I had been out of school for a while when I went to Medical School, and boy did that make things tough.
To do well in classes, you only need to learn enough
moronics mnemonics to last you through the class. When I studied, I really tried to commit this stuff to PERMANENT memory. I was dazzled by the HUGE amount of information you have to know to be a doctor. That’s one of the the things that delayed my going to medical school. I didn’t think I was smart enough.
You actually don’t have to remember this shit after the last examination, except for the NBME boards I and II. I lost out on a TERRIBLE amount of fun, not from trying to be an ace-brownie student, but to REMEMBER all this stuff.
That’s why I became an internist. I thought you had to be responsible for knowing ALL this stuff for ALL these specialties – not just IM specialties, but just about all of them, down to the details. I didn’t train how to read MRI’s but I felt responsible for knowing the anatomy of EVERYTHING. The arteries in the head. The PCA. Permanently.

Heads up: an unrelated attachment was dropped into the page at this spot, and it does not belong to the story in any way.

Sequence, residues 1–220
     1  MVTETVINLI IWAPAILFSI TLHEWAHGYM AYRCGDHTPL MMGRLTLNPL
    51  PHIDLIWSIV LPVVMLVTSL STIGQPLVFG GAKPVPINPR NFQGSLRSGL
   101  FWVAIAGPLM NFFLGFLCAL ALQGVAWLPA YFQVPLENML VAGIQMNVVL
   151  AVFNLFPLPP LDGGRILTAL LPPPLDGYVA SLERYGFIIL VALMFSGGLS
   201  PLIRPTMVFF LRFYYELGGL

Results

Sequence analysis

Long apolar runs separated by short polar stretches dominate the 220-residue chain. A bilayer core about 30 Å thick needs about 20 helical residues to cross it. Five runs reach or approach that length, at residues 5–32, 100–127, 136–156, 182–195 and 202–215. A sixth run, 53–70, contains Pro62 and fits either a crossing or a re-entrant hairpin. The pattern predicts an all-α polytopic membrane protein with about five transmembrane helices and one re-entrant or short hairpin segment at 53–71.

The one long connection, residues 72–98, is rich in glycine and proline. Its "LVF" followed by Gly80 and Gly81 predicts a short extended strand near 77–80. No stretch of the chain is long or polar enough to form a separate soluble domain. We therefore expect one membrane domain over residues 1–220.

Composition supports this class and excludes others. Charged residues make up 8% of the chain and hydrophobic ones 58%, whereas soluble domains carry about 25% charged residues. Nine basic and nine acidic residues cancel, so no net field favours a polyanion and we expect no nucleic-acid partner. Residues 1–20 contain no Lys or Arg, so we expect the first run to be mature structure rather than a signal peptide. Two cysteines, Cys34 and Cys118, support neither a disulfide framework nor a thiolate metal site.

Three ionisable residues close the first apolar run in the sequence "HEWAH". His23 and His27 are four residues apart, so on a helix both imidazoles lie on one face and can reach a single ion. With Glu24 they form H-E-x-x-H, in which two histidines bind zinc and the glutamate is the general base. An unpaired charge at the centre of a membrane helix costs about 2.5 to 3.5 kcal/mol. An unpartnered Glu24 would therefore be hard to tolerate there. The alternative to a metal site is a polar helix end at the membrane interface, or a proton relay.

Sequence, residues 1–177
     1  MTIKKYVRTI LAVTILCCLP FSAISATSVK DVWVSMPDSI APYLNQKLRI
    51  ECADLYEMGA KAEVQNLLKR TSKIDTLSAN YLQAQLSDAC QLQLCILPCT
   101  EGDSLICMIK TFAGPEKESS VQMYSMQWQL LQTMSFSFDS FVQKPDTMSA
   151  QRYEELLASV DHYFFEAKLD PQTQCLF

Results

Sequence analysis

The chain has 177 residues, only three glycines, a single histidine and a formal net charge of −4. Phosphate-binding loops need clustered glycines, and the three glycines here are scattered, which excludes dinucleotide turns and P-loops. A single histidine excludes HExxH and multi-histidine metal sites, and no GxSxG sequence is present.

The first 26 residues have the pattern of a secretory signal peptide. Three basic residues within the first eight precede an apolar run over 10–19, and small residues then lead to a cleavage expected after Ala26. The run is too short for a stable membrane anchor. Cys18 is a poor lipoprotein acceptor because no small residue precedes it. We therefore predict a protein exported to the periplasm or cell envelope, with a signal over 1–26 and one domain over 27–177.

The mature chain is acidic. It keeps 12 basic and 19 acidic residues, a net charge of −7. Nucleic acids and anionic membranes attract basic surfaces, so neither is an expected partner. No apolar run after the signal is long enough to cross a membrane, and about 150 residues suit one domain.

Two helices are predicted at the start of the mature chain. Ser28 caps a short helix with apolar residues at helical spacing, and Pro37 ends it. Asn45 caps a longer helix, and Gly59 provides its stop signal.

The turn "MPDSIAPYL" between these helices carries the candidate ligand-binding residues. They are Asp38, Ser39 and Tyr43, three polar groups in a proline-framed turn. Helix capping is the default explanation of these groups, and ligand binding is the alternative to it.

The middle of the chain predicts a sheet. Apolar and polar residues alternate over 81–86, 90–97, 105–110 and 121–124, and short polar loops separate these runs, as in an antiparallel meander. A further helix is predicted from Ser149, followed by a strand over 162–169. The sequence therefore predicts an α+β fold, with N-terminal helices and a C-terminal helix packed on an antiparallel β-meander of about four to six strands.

A long time after medical school, I had a lady who blacked out when she looked up, so she didn’t tilt her head upwards, just rolled her eyes. So I remembered, ah! subclavian steal syndrome, and asked for a left subclavian ultrasound. The vascular lab sent it back – this is a specialty test. I reconsulted, saying – “duh, she blacks out when she turns her head up, what ELSE could give you syncope and a chest bruit?” That’s left over from YEARS ago. I could have risen a LOT higher on the medical totem pole if I hadn’t misspent so much time in medical school.